You'd think a $1,300 set of golf clubs would be easy to distinguish from a $400 bunch of knockoffs.
But Callaway Golf Co., the maker of the high-end irons, isn't taking any chances. The Carlsbad, Calif., company is dragging a local retailer into federal court to prevent it from peddling copycat clubs.
Callaway says look-alikes sold by Golf Depot in Clearwater and New Port Richey are so similar to its popular _ and pricey _ Big Bertha irons that they tread on corporate trademarks.
For Calloway, these knockoffs _ called Big Bursar irons _ represent a threat to a burgeoning business. The company's sales have doubled four times over the last five years as such star golfers as Paul Azinger, Jim Dent and Jim Colbert have endorsed its clubs.
To give Callaway a chance to prove its case, a judge in U.S. District Court in Tampa this week ordered Golf Depot to temporarily suspend its sales of the look-alikes. Another hearing is scheduled for next week.
Chances are, Callaway's going to hit long and hard when this case rolls into court. But that doesn't worry Ed Mauro, president of Golf Depot's parent company, Golf Clean International Inc., in Tarpon Springs.
He says local golfers are no more likely to confuse his clubs with Callaway's than they are to mistake a Rolex watch for a clumsy copy, or a Ralph Lauren shirt for an cheap imitation.
Sticker shock alone should prevent any mix-ups, he says. A set of eight Big Bertha irons costs $1,299, compared with $369 to $429 for a set of Big Bursars.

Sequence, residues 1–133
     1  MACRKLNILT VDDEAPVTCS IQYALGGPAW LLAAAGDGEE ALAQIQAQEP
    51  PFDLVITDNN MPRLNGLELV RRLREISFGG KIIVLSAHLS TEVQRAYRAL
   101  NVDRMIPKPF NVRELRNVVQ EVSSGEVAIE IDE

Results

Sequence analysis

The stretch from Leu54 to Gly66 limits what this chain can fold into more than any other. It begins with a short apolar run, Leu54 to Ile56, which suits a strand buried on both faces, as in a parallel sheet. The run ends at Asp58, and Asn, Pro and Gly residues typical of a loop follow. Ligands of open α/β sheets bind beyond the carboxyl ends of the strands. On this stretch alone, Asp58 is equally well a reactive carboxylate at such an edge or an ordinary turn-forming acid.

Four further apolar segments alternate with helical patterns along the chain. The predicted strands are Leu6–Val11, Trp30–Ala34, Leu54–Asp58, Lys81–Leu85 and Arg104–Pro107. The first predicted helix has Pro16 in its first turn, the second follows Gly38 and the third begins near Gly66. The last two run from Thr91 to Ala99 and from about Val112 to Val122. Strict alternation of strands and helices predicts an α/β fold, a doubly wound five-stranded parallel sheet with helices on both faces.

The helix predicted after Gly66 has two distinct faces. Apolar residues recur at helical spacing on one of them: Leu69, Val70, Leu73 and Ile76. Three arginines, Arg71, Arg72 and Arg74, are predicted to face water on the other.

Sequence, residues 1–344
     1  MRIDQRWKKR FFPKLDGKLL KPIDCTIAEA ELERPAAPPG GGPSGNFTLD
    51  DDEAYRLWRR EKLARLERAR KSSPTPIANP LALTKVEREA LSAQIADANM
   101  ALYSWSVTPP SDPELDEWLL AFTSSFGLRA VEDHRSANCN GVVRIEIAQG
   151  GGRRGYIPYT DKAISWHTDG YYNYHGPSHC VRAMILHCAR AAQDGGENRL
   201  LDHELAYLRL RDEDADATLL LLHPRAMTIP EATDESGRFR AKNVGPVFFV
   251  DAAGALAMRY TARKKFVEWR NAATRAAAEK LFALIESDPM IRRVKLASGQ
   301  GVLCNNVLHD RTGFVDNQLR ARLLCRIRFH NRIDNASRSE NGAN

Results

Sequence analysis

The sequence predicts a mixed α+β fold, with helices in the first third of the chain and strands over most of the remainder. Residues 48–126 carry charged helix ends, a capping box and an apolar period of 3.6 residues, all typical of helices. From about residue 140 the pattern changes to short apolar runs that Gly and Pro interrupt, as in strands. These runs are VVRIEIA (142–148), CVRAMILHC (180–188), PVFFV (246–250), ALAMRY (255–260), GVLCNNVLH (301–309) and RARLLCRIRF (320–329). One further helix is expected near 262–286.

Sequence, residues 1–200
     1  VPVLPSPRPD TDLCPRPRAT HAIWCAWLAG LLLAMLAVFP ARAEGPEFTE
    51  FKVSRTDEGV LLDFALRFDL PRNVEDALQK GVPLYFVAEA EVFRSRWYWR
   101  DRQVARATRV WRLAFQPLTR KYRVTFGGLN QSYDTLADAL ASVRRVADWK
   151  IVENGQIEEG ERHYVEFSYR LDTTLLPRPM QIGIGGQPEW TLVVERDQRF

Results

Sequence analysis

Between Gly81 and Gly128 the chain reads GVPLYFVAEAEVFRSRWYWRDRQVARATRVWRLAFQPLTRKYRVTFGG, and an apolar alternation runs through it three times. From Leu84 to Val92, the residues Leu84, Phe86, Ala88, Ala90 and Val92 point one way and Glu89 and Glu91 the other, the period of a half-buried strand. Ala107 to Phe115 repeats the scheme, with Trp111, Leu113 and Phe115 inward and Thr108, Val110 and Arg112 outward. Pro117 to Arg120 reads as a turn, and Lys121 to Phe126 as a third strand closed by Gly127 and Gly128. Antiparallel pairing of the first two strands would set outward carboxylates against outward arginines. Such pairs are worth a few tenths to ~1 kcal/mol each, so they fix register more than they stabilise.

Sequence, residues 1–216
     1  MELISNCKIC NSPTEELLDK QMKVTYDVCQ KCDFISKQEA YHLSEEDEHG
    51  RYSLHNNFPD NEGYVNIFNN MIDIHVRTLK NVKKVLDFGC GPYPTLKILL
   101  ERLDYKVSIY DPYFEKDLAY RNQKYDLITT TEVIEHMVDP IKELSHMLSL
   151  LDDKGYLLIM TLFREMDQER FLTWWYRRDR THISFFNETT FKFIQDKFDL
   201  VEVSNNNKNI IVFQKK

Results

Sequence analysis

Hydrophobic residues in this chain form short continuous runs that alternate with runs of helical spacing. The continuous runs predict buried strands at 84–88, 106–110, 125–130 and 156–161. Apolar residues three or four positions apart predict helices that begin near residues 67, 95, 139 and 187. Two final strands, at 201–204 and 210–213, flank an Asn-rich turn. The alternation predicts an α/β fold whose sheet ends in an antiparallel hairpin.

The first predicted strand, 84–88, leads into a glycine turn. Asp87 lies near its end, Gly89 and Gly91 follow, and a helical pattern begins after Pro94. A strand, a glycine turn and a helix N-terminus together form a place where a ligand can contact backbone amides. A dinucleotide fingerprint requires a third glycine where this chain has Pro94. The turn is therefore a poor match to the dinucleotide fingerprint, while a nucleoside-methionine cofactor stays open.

Besides, Golf Depot and Callaway appeal to different kinds of consumers, Mauro notes. His shop sells clubs and accessories to budget-minded golfers, typically middle-class hobbyists.
Callaway, by and large, caters to the golfing gentry, players who are willing to plunk down thousands of dollars for a set of clubs and generally do their buying at country club pro shops, he says.
Still, Mauro acknowledges that his clubs _ called Canterbury Big Bursar irons _ resemble Big Berthas. ("Bursar," by the way, means "treasurer." Go figure.) Like Big Berthas, they have a medallion on the back of the heads.
Callaway thinks the similarities are so profound that the clubs look like twins, not distant kin.
"If you hold up their club head side by side with ours, you will see that they're almost identical in appearance," says Steve McCracken, the company's general counsel. "The look of our club is our property, and it's protected by trademark and trade dress law."
And Callaway, a darling on Wall Street as well as on the pro golf tour, has developed a reputation for pit-bull aggression in the defense of its patents and trademarks.
The company sent a private detective into Golf Depot posing as a customer shopping for clubs. The private eye apparently bought a set of the look-alikes, which were used as evidence in preparing the complaint against Golf Depot's parent.
Callaway has filed a raft of lawsuits against other makers and sellers of look-alike clubs. In February, it won a $4.6-million judgment against a Taiwanese company.
"We have invested money in making a product that is unique, and we're entitled to exploit that," McCracken says. "And our shareholders are entitled to get the benefit from that."
Callaway certainly has the brawn to make good on its threats. Last year, the company racked up $449-million in sales, compared with $7-million a year for Golf Clean International.
That said, Mauro doesn't fault Callaway for protecting its products. He says he'd do the same thing if he were in that position.
But he bets that Callaway, too, would be selling look-alikes if their roles were reversed.